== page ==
A's 17-year-old prospect 'Lazarito' makes Cactus League debut

Lazaro Armenteros, the A’s 17-year-old stud outfield prospect better known as “Lazarito,” is believed to have become the youngest player in franchise history to appear in a Cactus League game.

Armenteros entered at the DH spot in the eighth against the Dodgers and went 0-for-2, flying out to right-center and popping up to shallow center. With the A’s short on position players, Armenteros was brought over from minor league camp and got a little exposure to the big league environment.

“He’s quite athletic, and I know they love him over there” at minor league camp, A's manager Bob Melvin recently said.

Armenteros also got a chance to mingle with Dodger outfielder (and fellow Cuban) Yasiel Puig before the game.

“Over there (in Cuba) you kind of play the game because you like it and you enjoy it,” Armenteros recently said through interpreter Juan Dorado. “Here, it’s more like a job. There’s more preparation.”

Armenteros will stay in Arizona through extended spring training and then head to play in the Dominican Summer League.

A's spring training Day 40: Manaea downplays struggles after walking five

A's spring training Day 40: Manaea downplays struggles after walking five

MESA, Ariz. — Something flipped a switch inside Sean Manaea in the third inning Saturday, and the A’s left-hander pitched with the aggressiveness he’s shown most of spring training.

It was a different story before that, as Manaea issued five walks, two of them forcing in runs, against the Cincinnati Reds. His final Cactus League outing ended after just three innings, his pitch count at more than 70, and he was charged with five earned runs.

“I was trying to nibble at the corners too much,” Manaea said. “The third inning I finally just said, ‘Throw it right down the middle and let them hit it.’”

The plan was to get Manaea close to 90 pitches, so he went to the bullpen and threw 10 more after he was pulled from the game. He entered the day with a 2.81 ERA in his first five outings, walking just one in each of those games.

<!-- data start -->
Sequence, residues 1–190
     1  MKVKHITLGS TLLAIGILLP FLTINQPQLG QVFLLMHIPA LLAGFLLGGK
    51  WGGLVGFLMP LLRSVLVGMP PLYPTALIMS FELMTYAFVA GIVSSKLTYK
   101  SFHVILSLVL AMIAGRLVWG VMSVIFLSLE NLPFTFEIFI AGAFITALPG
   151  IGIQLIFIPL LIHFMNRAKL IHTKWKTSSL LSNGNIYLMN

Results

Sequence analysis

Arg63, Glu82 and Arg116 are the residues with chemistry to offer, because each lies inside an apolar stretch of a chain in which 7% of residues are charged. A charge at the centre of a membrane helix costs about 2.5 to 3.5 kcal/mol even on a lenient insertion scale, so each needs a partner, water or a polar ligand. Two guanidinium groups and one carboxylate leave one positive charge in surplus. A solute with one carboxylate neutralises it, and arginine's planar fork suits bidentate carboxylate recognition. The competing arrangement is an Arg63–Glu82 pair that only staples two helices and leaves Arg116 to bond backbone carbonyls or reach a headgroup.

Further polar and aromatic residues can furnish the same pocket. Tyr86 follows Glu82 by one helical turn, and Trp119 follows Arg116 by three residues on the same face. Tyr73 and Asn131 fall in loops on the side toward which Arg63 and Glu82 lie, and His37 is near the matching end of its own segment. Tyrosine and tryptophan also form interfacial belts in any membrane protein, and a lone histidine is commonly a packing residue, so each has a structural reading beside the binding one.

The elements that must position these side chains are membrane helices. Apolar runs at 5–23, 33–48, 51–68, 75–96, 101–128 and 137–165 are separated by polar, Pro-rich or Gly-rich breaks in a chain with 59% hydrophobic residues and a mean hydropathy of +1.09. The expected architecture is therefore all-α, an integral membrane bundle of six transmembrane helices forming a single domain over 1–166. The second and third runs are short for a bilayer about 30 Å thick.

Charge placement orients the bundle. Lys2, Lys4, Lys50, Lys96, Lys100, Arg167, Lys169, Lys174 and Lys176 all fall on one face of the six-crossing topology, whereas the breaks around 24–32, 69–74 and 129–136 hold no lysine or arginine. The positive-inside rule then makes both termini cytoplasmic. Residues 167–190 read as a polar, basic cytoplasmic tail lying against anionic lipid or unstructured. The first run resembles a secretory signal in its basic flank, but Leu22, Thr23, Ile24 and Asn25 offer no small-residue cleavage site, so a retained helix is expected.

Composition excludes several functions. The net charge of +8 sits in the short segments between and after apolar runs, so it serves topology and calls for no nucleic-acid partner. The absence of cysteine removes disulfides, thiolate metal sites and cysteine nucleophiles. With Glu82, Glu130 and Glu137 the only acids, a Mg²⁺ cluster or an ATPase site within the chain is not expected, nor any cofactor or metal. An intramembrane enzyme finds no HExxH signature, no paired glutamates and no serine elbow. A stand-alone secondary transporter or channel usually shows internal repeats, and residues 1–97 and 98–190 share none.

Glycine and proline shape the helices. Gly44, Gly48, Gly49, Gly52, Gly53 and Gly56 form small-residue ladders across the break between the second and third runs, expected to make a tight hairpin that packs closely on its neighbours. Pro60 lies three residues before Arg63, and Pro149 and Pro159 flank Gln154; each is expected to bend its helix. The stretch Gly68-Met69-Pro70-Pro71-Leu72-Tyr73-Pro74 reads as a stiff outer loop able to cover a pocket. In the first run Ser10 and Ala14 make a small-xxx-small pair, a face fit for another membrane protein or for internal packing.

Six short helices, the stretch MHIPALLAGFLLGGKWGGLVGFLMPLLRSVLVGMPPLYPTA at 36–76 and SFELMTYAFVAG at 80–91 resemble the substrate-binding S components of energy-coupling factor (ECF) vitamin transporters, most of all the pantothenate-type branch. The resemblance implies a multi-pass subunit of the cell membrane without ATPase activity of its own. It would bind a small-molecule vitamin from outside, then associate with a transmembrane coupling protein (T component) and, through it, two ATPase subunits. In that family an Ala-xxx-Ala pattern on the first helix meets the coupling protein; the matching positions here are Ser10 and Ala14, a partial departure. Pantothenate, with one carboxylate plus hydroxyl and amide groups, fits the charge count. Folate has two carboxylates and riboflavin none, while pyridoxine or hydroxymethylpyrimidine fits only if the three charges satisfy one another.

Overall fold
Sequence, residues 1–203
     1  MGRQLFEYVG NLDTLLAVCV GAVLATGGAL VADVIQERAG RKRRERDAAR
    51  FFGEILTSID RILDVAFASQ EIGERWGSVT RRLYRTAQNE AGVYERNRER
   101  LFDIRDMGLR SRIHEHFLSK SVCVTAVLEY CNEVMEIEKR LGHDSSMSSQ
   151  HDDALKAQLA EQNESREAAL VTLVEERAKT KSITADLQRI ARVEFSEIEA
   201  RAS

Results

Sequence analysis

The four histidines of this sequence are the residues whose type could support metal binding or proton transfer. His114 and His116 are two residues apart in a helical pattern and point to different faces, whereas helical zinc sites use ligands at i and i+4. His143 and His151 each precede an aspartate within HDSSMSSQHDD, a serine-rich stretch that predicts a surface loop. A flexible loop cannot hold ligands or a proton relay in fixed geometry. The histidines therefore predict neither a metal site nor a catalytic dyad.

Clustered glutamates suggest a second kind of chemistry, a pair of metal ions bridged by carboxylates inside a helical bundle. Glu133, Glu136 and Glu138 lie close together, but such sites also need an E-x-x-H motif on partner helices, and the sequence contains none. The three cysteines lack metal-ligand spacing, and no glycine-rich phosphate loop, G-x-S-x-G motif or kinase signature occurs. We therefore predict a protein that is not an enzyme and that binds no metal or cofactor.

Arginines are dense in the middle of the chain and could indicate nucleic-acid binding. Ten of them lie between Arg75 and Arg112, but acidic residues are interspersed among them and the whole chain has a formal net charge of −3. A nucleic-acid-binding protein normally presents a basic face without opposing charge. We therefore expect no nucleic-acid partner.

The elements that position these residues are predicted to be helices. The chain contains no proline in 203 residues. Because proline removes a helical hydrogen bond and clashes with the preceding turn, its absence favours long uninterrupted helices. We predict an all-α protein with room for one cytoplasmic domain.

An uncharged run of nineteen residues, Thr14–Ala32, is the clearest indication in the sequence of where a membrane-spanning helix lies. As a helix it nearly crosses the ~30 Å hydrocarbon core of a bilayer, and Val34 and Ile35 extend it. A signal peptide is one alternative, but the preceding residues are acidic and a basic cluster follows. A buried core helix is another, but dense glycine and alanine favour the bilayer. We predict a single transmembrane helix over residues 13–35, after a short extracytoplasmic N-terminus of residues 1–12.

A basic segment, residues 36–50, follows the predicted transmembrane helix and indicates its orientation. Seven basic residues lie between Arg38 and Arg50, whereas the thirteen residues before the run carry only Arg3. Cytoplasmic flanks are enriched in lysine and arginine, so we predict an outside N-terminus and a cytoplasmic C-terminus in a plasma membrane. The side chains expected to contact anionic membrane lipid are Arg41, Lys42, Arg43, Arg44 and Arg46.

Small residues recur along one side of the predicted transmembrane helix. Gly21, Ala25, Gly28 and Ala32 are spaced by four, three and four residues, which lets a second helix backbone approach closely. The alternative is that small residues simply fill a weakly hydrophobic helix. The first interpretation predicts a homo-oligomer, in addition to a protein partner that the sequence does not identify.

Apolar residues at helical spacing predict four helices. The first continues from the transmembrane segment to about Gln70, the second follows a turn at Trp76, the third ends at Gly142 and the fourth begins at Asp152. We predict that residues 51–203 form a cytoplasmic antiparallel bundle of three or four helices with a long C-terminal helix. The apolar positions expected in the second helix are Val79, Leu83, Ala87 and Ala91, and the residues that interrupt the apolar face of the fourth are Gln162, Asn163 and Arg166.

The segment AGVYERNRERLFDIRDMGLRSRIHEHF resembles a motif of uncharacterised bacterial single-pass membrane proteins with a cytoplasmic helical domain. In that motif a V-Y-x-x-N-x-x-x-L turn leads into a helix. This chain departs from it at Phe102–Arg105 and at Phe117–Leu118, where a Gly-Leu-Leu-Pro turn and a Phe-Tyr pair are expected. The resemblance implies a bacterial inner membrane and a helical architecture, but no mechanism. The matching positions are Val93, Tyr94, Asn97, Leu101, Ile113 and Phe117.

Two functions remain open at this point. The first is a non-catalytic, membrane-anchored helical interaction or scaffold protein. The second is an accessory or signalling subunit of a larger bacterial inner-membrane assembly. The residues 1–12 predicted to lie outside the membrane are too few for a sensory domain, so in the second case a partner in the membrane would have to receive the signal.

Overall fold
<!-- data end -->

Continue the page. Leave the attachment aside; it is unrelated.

He downplayed his struggles Saturday in Oakland’s 11-6 split-squad defeat at Hohokam Stadium, and manager Bob Melvin wasn’t expressing major concern either.

“He was just out of sync,” Melvin said. “Typically you don’t see him walk guys like that, let alone multiple guys in a row. It was just a tough day for him. We wanted to try to get him close to 90 pitches. But when you’re throwing that many pitches in three innings, I just couldn’t risk sending him back out there.”

Manaea was stressing the positives of his camp afterward. As he preps for one final tune-up start at AT&T Park against the Giants in the Bay Bridge Series, he particularly likes the way his slider has rounded into form.

“Just being able to have that confidence to throw it for a strike and get weak ground balls and swings and misses, it’s huge,” he said.

CAMP BATTLE: The A’s lost their other split-squad matchup by an identical 11-6 score to the Dodgers in Glendale. Jesse Hahn took the hill and struggled for the second consecutive outing, allowing two homers — including a grand slam by Andrew Toles — and surrendering seven runs (five earned) over 3 1/3 innings. Competing for one of two open rotation spots, Hahn hasn’t shown his best in the Cactus League stretch run. He gave up seven runs against Colorado in his previous start.

ODDS AND ENDS: Third baseman Trevor Plouffe had two more hits against the Reds to raise his average to .425 but left the game after tweaking an abductor muscle in his lower body. “He felt like he’s OK. We just didn’t wanna risk that,” Melvin said. … Rajai Davis connected for his first spring home run and scored three runs. … Sean Doolittle gave up two runs in his inning of work but struck out three. He sported his new eyeglasses for the first time in a major league game. … Matt Chapman hit a three-run homer off former Athletic Rich Hill in the game at Glendale.